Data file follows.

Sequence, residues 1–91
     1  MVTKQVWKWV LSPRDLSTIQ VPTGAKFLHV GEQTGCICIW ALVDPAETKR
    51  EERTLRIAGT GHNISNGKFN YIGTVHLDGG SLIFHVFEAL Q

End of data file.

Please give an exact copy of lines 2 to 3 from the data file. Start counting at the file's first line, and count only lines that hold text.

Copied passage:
     1  MVTKQVWKWV LSPRDLSTIQ VPTGAKFLHV GEQTGCICIW ALVDPAETKR
    51  EERTLRIAGT GHNISNGKFN YIGTVHLDGG SLIFHVFEAL Q